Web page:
Patricia Herrera Lansing, a former Vanity Fair fashion editor and daughter of Carolina Herrera; Dee Poku, founder and CEO of women's empowerment network WIE; Susan Mercandetti, editor-at-large of Random House Publishing Group; Meryl Poster, founder and president of Superb Entertainment; Robbie Myers; Tavi Gevinson, journalist, actor, and entrepreneur; Alexis Maybank, cofounder of Gilt Groupe and Project September; author Emma Cline; Samira Nasr, fashion director at Elle; and Mickey Rapkin, a journalist and former senior editor at GQ.
We live in the age of the maker. There is an entrepreneurial spirit infusing this generation like never before, and New York (Brooklyn in particular) is at the epicenter of the female founder movement. That's why I'm so thrilled to announce my newest event, The Other Festival.
The Other Festival is a one day event that celebrates female makers and creators. It showcases the emerging pioneers of this generation, the women who are redefining how to do business, setting their own rules, pushing boundaries. Next wave inventors, storytellers, founders, artists.
The event is being produced by Live Nation and we're honored to count the City of New York (WE NYC), Ogilvy, Univision, The Skimm and Galore among our many partners. The festival takes place on Saturday June 11th in Brooklyn and here's what you'll experience:
The coolest space EVER - indoor/outdoor stages, mini gardens, viewing platform
Fascinating and informative discussions
Workshops on everything from blogging to design to raising money
Ample opportunities to connect with fellow makers
Art, photography, dance, demos
Shopping in our SMART SHOP village
And we cap it all off with a night of kick ass live music!
Do sign up to our dedicated festival newsletter and follow us on Instagram at @otherfestival for regular updates and access to special offers.
This week I interviewed Elizabeth Cutler, the founder of SoulCycle for my monthly speaker series and it was a bittersweet experience. She and her co-founder Julie Rice had announced their resignations from SoulCycle the day before. That aside, she was a funny, honest, straight talker about everything from the importance of trusting your instincts, to actually generating revenues to sustain growth (not just raising more money!), and the value of grassroots marketing over paid advertising. Amazing entrepreneur.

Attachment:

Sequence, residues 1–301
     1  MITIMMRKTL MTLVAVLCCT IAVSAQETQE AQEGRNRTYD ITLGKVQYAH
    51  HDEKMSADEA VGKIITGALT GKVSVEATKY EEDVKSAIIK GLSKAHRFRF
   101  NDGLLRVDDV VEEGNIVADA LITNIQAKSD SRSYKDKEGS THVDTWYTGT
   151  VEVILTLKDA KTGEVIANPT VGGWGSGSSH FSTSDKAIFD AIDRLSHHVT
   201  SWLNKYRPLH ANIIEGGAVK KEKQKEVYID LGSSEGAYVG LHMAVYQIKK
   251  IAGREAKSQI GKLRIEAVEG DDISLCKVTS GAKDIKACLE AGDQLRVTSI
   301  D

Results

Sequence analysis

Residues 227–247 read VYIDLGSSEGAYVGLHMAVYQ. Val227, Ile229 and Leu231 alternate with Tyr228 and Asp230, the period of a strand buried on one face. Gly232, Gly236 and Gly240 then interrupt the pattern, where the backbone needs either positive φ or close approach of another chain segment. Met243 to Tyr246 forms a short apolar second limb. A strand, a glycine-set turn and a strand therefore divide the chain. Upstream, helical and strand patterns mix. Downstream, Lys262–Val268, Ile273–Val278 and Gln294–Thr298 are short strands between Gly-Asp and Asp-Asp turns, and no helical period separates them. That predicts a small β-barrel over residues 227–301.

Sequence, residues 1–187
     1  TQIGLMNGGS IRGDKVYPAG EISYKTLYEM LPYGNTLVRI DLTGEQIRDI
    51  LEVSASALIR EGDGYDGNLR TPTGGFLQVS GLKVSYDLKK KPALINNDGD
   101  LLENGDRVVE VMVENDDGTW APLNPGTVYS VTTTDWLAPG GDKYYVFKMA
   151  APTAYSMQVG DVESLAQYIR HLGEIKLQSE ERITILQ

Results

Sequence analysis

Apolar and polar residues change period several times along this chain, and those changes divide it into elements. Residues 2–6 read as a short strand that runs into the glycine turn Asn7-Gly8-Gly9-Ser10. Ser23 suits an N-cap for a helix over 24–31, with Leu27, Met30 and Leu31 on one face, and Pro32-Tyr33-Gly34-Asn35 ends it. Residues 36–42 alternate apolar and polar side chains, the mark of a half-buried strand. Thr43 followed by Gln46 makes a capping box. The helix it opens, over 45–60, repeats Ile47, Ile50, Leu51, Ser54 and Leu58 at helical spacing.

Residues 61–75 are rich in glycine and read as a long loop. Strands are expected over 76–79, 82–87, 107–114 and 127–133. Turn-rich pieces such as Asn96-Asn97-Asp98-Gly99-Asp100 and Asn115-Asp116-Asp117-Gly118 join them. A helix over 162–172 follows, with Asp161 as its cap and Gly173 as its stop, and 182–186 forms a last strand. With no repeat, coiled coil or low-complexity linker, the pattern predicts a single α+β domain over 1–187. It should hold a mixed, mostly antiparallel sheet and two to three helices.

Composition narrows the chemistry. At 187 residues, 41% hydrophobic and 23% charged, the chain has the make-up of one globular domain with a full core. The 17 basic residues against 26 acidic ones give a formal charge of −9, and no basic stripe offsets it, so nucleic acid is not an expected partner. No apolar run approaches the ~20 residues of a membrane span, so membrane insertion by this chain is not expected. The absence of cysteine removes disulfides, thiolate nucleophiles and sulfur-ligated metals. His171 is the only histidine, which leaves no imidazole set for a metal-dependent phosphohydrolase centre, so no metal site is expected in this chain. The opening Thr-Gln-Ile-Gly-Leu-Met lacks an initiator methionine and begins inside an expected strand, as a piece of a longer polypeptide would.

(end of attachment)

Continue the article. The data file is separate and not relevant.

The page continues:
I recently had to negotiate my fee for a new consulting gig. I wasn't really happy with their proposed rate so I countered. And the other party offered me more money, but still less than the amount I’d requested. Despite this, I immediately accepted. Because in my mind, it was still a pretty good offer.
I’d fallen into a classic trap and was instantly annoyed with myself. Why did I give up so easily? Because I was afraid the offer might go away? Or didn't want to seem too pushy or greedy? Though at least I negotiated. Did you know that 70% of women don't negotiate their salaries at all?
Today is National Equal Pay Day. A host of initiatives aim to bring awareness and action to the problem, and celebrities such as Jennifer Lawrence, Patricia Arquette and Sheryl Sandberg have or are speaking out on the issue. Women are paid 78 cents for every dollar a man makes and it’s a practice that needs to stop. Women need to know their value and be unafraid to hold out for what they want. And it's worth being prepared before you go to the negotiating table. If you're unsure, it always helps to ask advice from successful peers and mentors about negotiating style.